The present DVD of the recent Zurich production of Busoni’s Doktor Faust preserves the stage of Kalus Mchael Grüber, whose representation sets and almost choreographed movement to bring the score to his audiences in 2006. In fact, this film is indebted to the televised version which was directed by Felix Breisach, which makes effective use of close-ups and long shots to translate the production from stage to screen effectively. Thus, the image of the homunculus, which is critical in the opera’s opening, does not risk being obscured, as is possible when an opera DVD is simply an opera film from the stage. More important, the close-ups of Hampson as the impassioned and determined Faust are given proper attention, and the various representations of the spirit entities benefit from camera angles that bring them visually into the evocative musical score. Here, too, it is possible to appreciate Hampson’s command of the title role through his speaking, singing, and acting. His interaction with the symbols of the spirits gives the impression of someone experiencing the diabolic phenomena directly.
This emerges from Hampson’s own artistry and is also the result of the fine forces assembled for this production. Hampson becomes his Faust, a character rooted in the alchemy of the late Middle Ages and the early Renaissance. Only then is it possible to understand the context of the lengthy episode at the court of Parma, a duchy which is but one of the rival city-states that cultivated the kind of learning a Faust-like scholar could bring to it. Almost any traditional version of the Faust story requires the appearance of the Lucifer himself or through his devil Mephistopheles. In this opera, the role of Mephistopheles is given to a tenor, and Gregory Kunde gives it an apt reading. Without overacting, Kunde conveys the powerful dynamics of Faust’s bargain. Kunde is also a fine actor and, in this work, he must return his Mephistopheles to the stage, as the character emerges in various guises throughout the rest of Faust’s tragic life - as a monk, a herald, a cleric, a courier and, ultimately the nightwatchman who brings the work to its conclusion.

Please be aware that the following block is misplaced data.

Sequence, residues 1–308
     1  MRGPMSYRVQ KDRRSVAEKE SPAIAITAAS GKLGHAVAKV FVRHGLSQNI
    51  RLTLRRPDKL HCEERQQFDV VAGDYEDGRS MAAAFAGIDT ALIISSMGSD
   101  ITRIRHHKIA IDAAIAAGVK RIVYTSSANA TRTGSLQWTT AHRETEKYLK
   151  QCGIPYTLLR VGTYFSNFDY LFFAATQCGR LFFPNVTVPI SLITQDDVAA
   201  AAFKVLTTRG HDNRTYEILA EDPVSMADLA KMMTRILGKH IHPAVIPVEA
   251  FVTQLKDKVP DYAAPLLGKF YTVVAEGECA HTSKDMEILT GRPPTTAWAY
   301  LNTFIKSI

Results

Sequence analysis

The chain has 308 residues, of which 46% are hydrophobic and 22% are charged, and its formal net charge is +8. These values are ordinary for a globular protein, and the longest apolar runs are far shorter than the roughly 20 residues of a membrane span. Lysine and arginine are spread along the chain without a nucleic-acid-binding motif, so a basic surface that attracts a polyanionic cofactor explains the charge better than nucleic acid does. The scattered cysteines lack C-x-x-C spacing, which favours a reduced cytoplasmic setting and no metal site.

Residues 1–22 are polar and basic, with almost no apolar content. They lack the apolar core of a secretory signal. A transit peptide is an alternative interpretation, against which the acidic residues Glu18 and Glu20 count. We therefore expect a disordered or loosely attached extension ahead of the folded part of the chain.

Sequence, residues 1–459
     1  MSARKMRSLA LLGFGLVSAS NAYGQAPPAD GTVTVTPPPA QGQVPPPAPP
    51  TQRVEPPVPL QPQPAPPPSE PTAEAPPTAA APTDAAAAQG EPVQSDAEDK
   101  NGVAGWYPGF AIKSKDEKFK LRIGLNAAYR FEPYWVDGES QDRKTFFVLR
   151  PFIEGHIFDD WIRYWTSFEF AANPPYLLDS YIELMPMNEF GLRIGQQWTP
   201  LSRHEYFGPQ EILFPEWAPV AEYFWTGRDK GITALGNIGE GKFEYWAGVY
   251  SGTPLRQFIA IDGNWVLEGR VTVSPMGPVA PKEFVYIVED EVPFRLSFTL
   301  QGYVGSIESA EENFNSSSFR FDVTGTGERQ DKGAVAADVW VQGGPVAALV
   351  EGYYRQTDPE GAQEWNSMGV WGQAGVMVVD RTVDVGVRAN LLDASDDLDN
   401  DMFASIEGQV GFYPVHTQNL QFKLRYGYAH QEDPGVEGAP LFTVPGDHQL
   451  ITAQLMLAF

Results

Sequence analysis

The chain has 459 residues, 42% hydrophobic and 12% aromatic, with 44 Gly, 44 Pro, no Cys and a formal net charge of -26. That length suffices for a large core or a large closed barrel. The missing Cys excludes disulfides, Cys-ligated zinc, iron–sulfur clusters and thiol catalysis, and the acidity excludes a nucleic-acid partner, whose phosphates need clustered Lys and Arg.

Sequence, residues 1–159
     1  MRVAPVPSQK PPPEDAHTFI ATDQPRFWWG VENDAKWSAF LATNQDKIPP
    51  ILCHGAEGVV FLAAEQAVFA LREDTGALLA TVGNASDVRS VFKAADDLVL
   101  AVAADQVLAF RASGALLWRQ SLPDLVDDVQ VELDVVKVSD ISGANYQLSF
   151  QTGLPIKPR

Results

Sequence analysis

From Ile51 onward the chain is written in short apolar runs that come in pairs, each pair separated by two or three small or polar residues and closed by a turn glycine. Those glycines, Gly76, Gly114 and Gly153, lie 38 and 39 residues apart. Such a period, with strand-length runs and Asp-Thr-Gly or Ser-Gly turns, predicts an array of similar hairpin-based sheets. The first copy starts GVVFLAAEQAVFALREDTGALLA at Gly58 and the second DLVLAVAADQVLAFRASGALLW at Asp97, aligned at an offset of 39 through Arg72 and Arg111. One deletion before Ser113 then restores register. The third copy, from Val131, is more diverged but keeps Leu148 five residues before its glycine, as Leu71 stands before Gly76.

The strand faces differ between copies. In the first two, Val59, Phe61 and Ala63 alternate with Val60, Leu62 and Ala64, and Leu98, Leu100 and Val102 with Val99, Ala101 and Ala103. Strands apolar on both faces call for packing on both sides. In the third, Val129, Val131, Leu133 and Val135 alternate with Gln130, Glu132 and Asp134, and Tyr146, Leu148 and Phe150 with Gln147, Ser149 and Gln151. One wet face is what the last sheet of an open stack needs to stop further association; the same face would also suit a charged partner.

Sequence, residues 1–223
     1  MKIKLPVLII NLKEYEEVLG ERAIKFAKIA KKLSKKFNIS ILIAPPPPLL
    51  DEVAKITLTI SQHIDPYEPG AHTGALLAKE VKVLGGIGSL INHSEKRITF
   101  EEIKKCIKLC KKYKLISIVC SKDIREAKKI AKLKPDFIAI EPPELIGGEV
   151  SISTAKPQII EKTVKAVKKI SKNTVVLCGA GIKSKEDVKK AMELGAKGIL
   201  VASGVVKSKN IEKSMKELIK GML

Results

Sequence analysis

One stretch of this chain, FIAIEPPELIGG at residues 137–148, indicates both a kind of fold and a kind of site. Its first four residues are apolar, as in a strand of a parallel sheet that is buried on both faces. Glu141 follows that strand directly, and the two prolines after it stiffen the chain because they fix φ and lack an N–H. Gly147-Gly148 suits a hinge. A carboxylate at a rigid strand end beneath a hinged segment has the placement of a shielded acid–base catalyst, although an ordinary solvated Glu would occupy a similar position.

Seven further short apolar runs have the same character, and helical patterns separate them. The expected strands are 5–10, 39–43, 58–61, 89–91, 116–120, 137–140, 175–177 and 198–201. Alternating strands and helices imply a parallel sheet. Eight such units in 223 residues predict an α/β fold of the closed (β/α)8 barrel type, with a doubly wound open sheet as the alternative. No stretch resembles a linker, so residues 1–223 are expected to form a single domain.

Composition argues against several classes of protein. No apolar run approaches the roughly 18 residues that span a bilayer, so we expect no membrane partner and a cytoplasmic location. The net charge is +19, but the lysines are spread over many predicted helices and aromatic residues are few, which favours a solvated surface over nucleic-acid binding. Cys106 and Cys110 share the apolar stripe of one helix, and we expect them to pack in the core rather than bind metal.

The other members of the cast include Günther Groissböck as Wagner, Faust’s “famulus” as the libretto has it, and he worked within the dramatic tension between Hampson and Kunde. In the various roles including the Duke of Parma, Reinaldo Macias differentiated each of the parts well. And Sandra Trattnigg deserves attention for her commanding vocal and dramatic presence in the first scene, the one in which Mefistopheles takes Faust to the court of Parma. Along with these soloists, the chorus of the Zurich Opera House was impressive for its clear sound and command of the music. Within the work, though, the dramatic structure revolves around the personas of Faust and Mefistopheles. Thomas Hampson and Gregory Kunde stand out for their powerful interpretations of their characters.
Moreover, the two singers work together well in the first part of the opera, but the second scene stands out for the intensity involved. At this point in the opera, Faust has returned from the court at Parma, and he is in the middle of an animated discussion among the scholars at Wittenberg. The debate is of interest for the various musical motifs in its structure, and this section stands as prelude to the question about Faust’s romantic interest. Here Hampson makes the declamatory lines by Busoni impassioned, and is then interrupted by Mephistopheles who, as messenger, tells of the death of the Duchess of Parma and the subsequent passing of her child, implicitly with Faust.